Purdue University’s president, and former Republican Indiana state governor Mitch Daniels released a statement after the fliers were found on campus. Daniels labeled the group’s views as “inconsistent with the values and principles we believe here at Purdue.” He stated that the fliers were “a transparent effort to bait people into overreacting, thereby giving a miniscule fringe group attention it does not deserve.”  

The statement was met with disappointment by faculty, staff and students, who felt it was insufficient especially in failing to address why these posters appeared in the first place, and why some white students may not understand the feelings of students of color. Crider puts it this way:

“If these students have not been exposed to history or literature outside their cultural or ethnic experience, they have no context to aid them in understanding or engaging students of color who are feeling vulnerable.”  

The paradox is staggering—and all too familiar. Anyone paying attention can see how racial rhetoric in the presidential campaign opened to door to hate groups on Purdue’s campus.

Lisa Beringer is an Assistant Professor at Ivy Tech Community College and a graduate of Purdue University.





Purdue. Located in hoosierland. Mike Pence land. The Alabama of the North. Why am I not surprised....

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By Wendell Berry

Manifesto: The Mad Farmer Liberation Front

Love the quick profit, the annual raise,
vacation with pay. Want more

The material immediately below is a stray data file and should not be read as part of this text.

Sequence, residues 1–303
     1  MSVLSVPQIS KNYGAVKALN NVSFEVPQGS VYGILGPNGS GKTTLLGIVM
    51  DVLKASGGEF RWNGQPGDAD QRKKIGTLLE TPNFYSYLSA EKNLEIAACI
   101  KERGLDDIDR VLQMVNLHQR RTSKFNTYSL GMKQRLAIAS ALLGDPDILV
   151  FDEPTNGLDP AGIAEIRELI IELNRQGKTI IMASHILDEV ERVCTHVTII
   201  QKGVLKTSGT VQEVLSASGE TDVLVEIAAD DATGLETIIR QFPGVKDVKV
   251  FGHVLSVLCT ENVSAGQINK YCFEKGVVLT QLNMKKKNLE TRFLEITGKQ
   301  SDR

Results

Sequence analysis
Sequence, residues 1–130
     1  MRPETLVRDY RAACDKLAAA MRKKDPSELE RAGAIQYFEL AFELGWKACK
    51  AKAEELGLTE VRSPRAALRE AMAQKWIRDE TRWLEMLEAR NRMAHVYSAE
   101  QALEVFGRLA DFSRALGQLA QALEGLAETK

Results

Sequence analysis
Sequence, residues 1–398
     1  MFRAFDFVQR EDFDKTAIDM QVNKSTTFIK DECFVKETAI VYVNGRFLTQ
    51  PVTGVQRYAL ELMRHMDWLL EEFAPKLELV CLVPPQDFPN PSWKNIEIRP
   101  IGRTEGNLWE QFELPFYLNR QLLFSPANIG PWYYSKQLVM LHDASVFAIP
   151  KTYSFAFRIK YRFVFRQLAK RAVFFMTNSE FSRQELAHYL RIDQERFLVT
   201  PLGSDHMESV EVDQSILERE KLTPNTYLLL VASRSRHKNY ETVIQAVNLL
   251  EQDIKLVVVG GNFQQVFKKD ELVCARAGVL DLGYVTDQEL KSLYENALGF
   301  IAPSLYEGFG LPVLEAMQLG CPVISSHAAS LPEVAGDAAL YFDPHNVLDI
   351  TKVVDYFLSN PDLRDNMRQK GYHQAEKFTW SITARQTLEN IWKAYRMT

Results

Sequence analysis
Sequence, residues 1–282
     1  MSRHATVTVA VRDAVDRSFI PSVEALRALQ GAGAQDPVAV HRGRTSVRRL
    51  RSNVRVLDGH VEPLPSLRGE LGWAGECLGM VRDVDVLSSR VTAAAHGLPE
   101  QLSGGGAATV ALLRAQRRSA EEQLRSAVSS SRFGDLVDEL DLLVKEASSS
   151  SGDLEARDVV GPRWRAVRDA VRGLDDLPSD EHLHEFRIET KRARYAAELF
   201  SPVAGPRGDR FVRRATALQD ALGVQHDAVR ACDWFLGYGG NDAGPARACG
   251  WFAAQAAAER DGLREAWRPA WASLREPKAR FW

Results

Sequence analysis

of everything ready made. Be afraid 
to know your neighbors and to die.
And you will have a window in your head.
Not even your future will be a mystery 
any more. Your mind will be punched in a card 
and shut away in a little drawer.
When they want you to buy something 
they will call you. When they want you
to die for profit they will let you know. 
So, friends, every day do something
that won’t compute. Love the Lord. 
Love the world. Work for nothing. 
Take all that you have and be poor.
Love someone who does not deserve it. 
Denounce the government and embrace 
the flag. Hope to live in that free 
republic for which it stands. 
Give your approval to all you cannot
understand. Praise ignorance, for what man 
has not encountered he has not destroyed.
Ask the questions that have no answers. 
Invest in the millennium. Plant sequoias.
Say that your main crop is the forest
that you did not plant,
that you will not live to harvest.

Say that the leaves are harvested 
when they have rotted into the mold.
Call that profit. Prophesy such returns.
Put your faith in the two inches of humus 
that will build under the trees
every thousand years.
Listen to carrion—put your ear
close, and hear the faint chattering
of the songs that are to come. 
Expect the end of the world. Laugh. 
Laughter is immeasurable. Be joyful
though you have considered all the facts. 
So long as women do not go cheap 
for power, please women more than men.
Ask yourself: Will this satisfy 
a woman satisfied to bear a child?
Will this disturb the sleep 
of a woman near to giving birth? 
Go with your love to the fields.
Lie easy in the shade. Rest your head 
in her lap. Swear allegiance 
to what is nighest your thoughts.
As soon as the generals and the politicos 
can predict the motions of your mind, 
lose it. Leave it as a sign 
to mark the false trail, the way 
you didn’t go. Be like the fox 
who makes more tracks than necessary, 
some in the wrong direction.
Practice resurrection.

Wendell Berry is a poet, farmer, and environmentalist in Kentucky. This poem, first published in 1973, is reprinted by permission of the author and appears in his “New Collected Poems” (Counterpoint).